This post is a summary of a keyboard conversion that I did with CommonSense in 2019. Originally described in this deskthority thread.
Someone reached out asking if I could help convert their Fortune Systems keyboard and I took on the task. I meant to do some research ahead of time but unfortunately other stuff got in the way and I never got around to it. Having never done any capacitive conversions, I’m admittedly a little bit out of my depths. Nevertheless, I know this should very much be doable, based on what I’ve seen other people be able to do.
All of the components on this board were high quality and the board itself was in very good condition.
Here you can see the electrical components, including the buzzer which features its very own volume knob.
The leaf springs are thin pieces of copper that get pressed down to the PCB when you hit a key which causes a change in capacitance to let the keyboard know which key was pressed.
The first step in the process was to trace the PCB and identify the rows and columns of the keyboard matrix.
From that I learned that the pads on the board are connected to the rows and the springs are connected to the columns. You need to know whether the rows/columns are either “strobe” or “sense” in order to properly configure CommonSense. In my case the pads were strobe and rows were sense.
Then I identified the ground pin by tracing back from the lattice shaped stuff. It’s important to know where the ground connections are because the board must be properly grounded or it will go crazy.
Next I soldered header pins onto the controller and hooked all the wires up.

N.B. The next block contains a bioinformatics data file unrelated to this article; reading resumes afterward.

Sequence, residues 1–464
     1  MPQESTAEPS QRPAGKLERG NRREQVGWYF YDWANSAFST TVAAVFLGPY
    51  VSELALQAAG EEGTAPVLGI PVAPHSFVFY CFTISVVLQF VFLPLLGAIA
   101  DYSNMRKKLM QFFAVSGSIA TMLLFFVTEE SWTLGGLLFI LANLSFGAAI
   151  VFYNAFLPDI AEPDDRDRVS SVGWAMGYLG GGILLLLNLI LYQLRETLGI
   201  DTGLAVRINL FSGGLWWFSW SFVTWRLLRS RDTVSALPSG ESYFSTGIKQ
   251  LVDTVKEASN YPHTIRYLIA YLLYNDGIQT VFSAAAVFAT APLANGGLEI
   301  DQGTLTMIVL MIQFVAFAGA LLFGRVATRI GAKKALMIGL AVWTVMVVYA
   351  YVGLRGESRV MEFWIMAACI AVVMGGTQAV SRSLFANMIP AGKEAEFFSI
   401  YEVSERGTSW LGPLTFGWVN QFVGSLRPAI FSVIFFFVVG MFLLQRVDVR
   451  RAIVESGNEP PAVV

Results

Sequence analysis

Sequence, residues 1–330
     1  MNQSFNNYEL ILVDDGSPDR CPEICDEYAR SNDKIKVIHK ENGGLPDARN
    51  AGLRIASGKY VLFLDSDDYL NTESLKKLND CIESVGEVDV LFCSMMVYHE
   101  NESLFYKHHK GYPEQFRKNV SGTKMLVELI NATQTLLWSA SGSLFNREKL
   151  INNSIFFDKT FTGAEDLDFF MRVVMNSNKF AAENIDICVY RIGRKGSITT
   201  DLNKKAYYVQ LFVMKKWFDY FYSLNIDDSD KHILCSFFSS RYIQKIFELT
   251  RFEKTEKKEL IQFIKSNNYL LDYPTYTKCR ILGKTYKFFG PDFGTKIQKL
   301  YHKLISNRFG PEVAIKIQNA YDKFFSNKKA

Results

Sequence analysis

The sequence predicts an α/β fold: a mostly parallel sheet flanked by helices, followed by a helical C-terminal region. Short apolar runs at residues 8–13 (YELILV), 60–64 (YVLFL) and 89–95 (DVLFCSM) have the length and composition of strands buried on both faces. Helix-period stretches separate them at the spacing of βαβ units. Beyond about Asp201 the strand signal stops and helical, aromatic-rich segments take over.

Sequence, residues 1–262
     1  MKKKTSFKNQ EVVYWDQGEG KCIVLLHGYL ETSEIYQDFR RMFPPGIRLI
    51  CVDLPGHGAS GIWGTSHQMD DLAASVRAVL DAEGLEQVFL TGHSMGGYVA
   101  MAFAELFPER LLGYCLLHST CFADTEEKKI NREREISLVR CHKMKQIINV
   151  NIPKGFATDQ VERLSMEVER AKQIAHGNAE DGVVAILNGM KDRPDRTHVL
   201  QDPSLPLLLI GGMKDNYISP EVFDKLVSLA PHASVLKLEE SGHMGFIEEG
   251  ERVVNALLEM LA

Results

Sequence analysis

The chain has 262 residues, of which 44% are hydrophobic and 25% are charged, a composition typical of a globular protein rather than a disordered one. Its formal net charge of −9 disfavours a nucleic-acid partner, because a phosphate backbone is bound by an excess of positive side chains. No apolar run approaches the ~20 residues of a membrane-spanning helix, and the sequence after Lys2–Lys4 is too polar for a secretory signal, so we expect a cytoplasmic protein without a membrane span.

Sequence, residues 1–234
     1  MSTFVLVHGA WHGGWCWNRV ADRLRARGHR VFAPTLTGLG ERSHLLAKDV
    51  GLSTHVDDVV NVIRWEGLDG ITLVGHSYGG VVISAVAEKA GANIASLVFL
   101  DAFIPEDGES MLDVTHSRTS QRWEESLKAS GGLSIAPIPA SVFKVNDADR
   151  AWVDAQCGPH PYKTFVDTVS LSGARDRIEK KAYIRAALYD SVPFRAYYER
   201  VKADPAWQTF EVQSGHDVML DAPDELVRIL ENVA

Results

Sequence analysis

- The bright colors (red/orange/yellow) are strobe/leaf.
- The cool colors (blue/purple/green) are sense/pad.
- Black is Gnd
- White is caps lock LED
Once I got the wires all connected, it was time to flash the board. Setting up CommonSense can be a bit tricky, I’ve linked a guide I wrote in 2019 at the bottom of this post. Hopefully most of the concepts are still relevant today.
Once the board is flashed, you connect it to the computer and open the CommonSense tool called FlightController. This tool is used to configure things like how sensitive to sense, the keyboard layout, etc.
After much trial and error, I got the board working.
I gave everything a good cleaning and took the board completely apart. To make the keys smoother I removed the rust from the springs and lubed the switch housings and sliders with PTFE spray.
One thing that he wanted was for the buzzer to function. I know that this should be simple, but it’s just an I know nothing about. I don’t really remember the details of this part, but somehow this thing ended up with an arduino nano hooked to it. It aparently worked.
Old Patent Docs
In the process of working on this and trading posts on the forum, a few people dug up some interesting information in the form of old patents from Digitran.
Here’s a typing video that I made. The keyboard sounds a good deal different with the top case on, though.
This is a guide that I wrote in 2019 for how to setup CommonSense. Hopefully a lot of it’s still relevant today, but it very well might be outdated by now in at least some ways.